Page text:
Festival organisers, event suppliers, promoters, performers, venues, conference organisers and many more parts of Bristol’s event industry came together to highlight the 40,000 people in our city who make events.
As part of the latest We Make Events protest, they greeted The Survival Tour: five event professionals who are cycling more than 50 miles a day across the UK to visit venues which have been closed since lockdown.
Bristol Beacon was lit up on Monday evening to welcome the riders, with Utopium and Evans Audio and Staging providing a light installation for the protest.
Bristol Beacon artistic director, Todd Wills, said: “As a city, Bristol is full of creatives, musicians, producers, organisers and venues, responsible for many of the UK’s flagship events.
“This crisis has affected everyone but disproportionately the industry which makes it such an amazing place to live and work. The #WeMakeEvents fundraising is critical to raise funds for individuals in crisis and we’re proud to play our part and stand with every part of the industry today.”
Organisations including Upfest, St Paul’s Carnival, Crosstown Concerts and Bristol Sounds joined the protest in solidarity with the hundreds of other businesses and freelancers affected by the crisis.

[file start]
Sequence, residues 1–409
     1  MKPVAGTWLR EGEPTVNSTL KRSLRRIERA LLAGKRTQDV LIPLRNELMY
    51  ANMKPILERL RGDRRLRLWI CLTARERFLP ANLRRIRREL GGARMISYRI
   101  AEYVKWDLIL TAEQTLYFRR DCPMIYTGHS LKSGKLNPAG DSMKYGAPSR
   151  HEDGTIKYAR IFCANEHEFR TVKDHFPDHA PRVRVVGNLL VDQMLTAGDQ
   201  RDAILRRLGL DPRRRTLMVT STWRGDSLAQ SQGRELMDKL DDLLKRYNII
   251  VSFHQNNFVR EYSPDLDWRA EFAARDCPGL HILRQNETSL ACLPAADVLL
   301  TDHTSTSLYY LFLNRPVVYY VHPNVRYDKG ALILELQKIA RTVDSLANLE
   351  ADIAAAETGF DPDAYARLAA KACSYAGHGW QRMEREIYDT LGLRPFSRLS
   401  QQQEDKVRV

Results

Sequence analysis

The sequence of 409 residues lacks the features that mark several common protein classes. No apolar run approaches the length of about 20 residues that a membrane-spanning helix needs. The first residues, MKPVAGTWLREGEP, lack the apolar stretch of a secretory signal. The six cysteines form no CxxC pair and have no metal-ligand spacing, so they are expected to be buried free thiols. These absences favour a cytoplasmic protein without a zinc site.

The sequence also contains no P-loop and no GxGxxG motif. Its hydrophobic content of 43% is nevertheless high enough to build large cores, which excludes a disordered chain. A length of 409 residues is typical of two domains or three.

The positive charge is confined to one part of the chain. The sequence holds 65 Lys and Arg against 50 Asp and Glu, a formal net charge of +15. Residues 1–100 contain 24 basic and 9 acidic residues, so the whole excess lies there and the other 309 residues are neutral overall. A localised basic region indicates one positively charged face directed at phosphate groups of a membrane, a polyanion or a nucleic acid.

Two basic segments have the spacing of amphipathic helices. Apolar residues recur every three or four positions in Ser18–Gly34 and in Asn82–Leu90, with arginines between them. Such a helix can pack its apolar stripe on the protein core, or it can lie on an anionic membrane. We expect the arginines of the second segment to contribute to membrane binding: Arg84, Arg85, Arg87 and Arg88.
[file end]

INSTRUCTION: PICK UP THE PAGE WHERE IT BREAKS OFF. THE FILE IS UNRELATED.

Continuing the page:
The current state of the UK event industry has been under scrutiny since the start of lockdown, with the We Make Events protests and The Survival Tour seeking to bring these struggles into sharp focus.
The Survival Tour visited the Louisiana, O2 Academy, Ashton Gate Stadium, Motion, Thekla and the Hippodrome before ending up at the Bristol Beacon.
One of the riders, Steve Reynolds, said: “Having worked in the entertainment and events business for so many years, we all felt we had to do something, both to raise awareness to the public, who rarely see us behind the scenes, and inform the Government of the impending collapse of this sector, one that has grown year-on-year and is regarded as the best in the world, and is on the brink of collapse.”
Main photo by Paul Box